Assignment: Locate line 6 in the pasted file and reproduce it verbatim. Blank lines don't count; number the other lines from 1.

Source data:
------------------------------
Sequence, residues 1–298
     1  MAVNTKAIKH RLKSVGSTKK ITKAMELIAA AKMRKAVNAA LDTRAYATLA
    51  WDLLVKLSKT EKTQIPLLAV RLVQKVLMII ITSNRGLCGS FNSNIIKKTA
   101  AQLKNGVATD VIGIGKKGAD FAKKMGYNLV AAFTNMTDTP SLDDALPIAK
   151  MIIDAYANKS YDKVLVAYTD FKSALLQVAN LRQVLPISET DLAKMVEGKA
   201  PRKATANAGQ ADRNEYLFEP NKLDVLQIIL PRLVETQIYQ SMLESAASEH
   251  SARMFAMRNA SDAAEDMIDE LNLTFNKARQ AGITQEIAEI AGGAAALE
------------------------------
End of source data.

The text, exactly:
   201  PRKATANAGQ ADRNEYLFEP NKLDVLQIIL PRLVETQIYQ SMLESAASEH